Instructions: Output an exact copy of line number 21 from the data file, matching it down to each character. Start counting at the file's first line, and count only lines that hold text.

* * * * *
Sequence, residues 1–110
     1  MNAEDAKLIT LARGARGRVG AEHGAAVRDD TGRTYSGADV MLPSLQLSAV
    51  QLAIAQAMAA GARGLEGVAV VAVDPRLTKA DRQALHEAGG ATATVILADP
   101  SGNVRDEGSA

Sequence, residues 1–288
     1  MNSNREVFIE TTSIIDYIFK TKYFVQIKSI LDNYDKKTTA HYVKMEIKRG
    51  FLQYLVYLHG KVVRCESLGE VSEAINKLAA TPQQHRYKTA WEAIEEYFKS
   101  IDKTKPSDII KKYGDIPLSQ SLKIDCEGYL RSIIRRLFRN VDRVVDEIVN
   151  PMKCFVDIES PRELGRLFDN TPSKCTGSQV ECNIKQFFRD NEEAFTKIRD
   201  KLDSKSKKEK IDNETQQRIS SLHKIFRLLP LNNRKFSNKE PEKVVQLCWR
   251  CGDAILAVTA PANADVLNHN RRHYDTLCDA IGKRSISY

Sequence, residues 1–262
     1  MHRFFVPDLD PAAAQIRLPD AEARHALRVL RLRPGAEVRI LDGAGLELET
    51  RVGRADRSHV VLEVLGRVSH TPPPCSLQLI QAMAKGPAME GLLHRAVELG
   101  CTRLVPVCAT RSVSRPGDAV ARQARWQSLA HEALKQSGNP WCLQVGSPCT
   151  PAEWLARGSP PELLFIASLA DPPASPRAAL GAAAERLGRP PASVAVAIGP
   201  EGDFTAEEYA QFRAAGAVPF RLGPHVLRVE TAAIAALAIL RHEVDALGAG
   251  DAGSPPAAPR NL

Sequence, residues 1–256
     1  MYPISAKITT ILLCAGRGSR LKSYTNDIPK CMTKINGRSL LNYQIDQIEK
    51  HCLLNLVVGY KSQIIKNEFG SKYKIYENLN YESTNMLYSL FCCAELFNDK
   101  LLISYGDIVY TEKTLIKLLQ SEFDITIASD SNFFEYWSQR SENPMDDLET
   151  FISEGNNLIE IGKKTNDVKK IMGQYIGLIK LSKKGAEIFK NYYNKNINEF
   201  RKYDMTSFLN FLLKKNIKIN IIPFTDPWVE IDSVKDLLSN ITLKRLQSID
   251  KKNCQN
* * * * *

    51  HCLLNLVVGY KSQIIKNEFG SKYKIYENLN YESTNMLYSL FCCAELFNDK